SCHIAVONE: These numbers include professional musicians as well as amateurs. The Gallup survey also found that the single most important motivation for childhood music instruction was the encouragement of parents.

(Soundbite of music)

Unidentified Woman #3: I'm sorry. I'm sorry.

Mr. ANTHONY ELIAS(ph) (Amateur Musician): OK.

SCHIAVONE: Denver physician Anthony Elias is a sometime violinist, though in the world of amateur music making he's an A-level player. He attributes that to growing up under his mother's piano.

Mr. ELIAS: My mother was a piano teacher and I'd lie under the piano as a little kid, sort of as a nesting place, and listen to my mother practice or play chamber music or whatever.

SCHIAVONE: Years later, when Anthony met his future wife, Ellen(ph), the pre-med students joked about raising their own string quartet. They almost have. They've come up with a string trio, plus a renegade son who plays the clarinet. They play together regularly in their living room.

(Soundbite of music)

Unidentified Woman #4: That was great. That was just great.

Mr. ELIAS: Keep going. Le--next two...

SCHIAVONE: They also seek out other musicians. Ellen Elias has listed her family in a chamber music players directory.

Ms. ELLEN ELIAS (Amateur Musician): It's worked wonderfully well. When we first moved up to Boston we found people there to play with right away. Almost faster than we had an apartment to live in, we had people to play with. And when we moved from Massachusetts, we found people right away here in Colorado who are wonderful musicians--moving totally across the country and not knowing a soul.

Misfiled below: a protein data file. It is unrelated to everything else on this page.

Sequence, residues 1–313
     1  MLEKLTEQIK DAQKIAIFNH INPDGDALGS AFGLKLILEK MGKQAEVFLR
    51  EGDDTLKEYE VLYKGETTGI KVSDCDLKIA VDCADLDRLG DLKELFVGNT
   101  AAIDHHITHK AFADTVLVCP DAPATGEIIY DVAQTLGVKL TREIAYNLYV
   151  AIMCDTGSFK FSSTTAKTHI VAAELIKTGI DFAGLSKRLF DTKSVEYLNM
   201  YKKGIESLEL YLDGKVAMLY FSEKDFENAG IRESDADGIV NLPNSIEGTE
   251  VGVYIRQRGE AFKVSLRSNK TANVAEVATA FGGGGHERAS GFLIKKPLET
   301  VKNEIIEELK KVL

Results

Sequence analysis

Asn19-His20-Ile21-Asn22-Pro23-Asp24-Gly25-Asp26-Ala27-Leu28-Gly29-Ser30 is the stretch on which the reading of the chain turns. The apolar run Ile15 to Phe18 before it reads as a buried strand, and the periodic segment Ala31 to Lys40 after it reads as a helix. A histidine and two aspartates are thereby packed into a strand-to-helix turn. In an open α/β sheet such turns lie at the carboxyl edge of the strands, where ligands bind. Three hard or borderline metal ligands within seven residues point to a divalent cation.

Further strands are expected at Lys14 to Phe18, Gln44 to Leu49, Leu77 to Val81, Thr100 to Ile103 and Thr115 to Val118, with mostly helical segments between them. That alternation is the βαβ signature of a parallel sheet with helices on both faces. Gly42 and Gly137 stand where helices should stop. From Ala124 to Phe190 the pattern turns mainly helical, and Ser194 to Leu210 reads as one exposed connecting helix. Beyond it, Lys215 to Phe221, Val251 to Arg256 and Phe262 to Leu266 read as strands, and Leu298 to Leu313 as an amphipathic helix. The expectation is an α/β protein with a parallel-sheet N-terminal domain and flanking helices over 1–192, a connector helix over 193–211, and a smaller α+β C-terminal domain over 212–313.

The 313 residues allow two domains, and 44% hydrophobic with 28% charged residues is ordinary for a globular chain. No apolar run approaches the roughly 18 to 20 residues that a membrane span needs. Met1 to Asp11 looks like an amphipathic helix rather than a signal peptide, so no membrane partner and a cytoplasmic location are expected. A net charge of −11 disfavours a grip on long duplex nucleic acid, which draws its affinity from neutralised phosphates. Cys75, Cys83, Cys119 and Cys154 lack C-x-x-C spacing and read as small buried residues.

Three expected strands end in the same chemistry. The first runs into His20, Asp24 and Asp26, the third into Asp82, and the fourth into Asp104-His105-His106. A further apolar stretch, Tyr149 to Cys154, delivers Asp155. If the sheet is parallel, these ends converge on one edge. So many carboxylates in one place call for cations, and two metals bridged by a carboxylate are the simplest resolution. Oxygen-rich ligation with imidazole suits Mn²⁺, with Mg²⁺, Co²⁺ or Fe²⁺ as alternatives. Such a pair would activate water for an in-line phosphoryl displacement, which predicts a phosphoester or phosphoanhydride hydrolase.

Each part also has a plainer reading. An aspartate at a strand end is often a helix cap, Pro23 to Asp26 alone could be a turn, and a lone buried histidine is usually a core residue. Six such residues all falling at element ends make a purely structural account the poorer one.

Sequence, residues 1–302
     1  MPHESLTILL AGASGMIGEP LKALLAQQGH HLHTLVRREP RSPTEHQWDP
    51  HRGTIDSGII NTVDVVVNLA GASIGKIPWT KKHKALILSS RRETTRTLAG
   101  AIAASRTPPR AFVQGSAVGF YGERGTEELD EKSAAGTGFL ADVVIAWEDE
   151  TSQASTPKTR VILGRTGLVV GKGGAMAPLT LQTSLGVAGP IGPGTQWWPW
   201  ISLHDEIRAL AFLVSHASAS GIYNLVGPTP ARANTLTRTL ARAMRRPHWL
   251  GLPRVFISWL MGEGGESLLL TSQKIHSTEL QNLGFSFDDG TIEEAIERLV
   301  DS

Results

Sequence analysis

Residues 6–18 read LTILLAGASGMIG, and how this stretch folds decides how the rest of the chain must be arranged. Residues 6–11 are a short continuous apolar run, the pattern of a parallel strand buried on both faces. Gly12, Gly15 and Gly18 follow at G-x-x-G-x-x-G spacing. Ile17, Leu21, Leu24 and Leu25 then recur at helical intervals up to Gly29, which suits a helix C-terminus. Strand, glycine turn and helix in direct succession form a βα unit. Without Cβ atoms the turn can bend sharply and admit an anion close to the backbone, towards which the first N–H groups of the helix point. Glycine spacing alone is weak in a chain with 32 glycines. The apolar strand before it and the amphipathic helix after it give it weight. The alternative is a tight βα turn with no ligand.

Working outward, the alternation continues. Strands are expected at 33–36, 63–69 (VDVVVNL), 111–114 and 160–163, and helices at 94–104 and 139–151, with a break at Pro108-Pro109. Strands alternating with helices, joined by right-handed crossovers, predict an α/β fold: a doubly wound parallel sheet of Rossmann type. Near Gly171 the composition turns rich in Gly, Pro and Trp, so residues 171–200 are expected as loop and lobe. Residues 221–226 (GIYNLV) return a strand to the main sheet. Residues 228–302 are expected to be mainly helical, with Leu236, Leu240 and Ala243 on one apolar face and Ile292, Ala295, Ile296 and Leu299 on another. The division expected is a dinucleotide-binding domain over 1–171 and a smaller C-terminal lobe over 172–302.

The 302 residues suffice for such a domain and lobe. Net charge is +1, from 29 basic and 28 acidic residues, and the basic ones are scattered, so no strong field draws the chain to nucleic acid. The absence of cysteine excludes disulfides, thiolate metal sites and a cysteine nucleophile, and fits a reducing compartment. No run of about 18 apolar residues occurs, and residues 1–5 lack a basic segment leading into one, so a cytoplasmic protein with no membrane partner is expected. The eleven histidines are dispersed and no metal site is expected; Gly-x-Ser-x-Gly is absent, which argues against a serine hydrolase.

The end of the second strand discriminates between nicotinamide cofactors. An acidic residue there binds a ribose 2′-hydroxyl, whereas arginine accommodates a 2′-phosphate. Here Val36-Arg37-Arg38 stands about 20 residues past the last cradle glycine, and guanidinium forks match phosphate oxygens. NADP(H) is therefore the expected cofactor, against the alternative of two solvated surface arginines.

SCHIAVONE: The directory is maintained by Amateur Chamber Music Players Incorporated. The organization was started in the late 1940s by a woman who held chamber soirees and a traveling salesman who wanted to play chamber music with others. Daniel Nimetz is the group's current director. He says its membership is growing and it's spread overseas.

Mr. DANIEL NIMETZ (Director, Amateur Chamber Music Players Incorporated): Our international directory really began as a convenience for North Americans who were traveling abroad and wanted to meet foreigners. And it's taken on a life of its own, and we have people abroad who use it within their own countries. But there, too, it's total strangers and, in many cases, language is a formidable barrier and we have many instances where an evening of quartets took place among four people whose only common denominator was making the music. They couldn't speak the same language at all.

(Soundbite of music)

SCHIAVONE: Most amateur musicians still wind up playing with friends and people they know in their own communities.

(Soundbite of music)

SCHIAVONE: For violinist Judy Grosswiler, who studied when she was a child, spending a few days at Schombear In the Rockies is a rare treat. She can't wait till she retires.

Ms. JUDY GROSSWILER (Amateur Musician): Music was--going to become one of the major things in my life when I retire. The whole focus. I'm going to use all of my chamber music--I look forward to doing it day in, day out. It's going to be something, I imagine if I live, I'll be in total ecstasy throughout the rest of my life.

SCHIAVONE: After all, the word `amateur' comes from the Latin word for `lover' and dates back to a time that precedes the distinction between amateurs and paid professionals, when making music was its only reward. For NPR News, I'm Theresa Schiavone in Denver.

(Soundbite of music)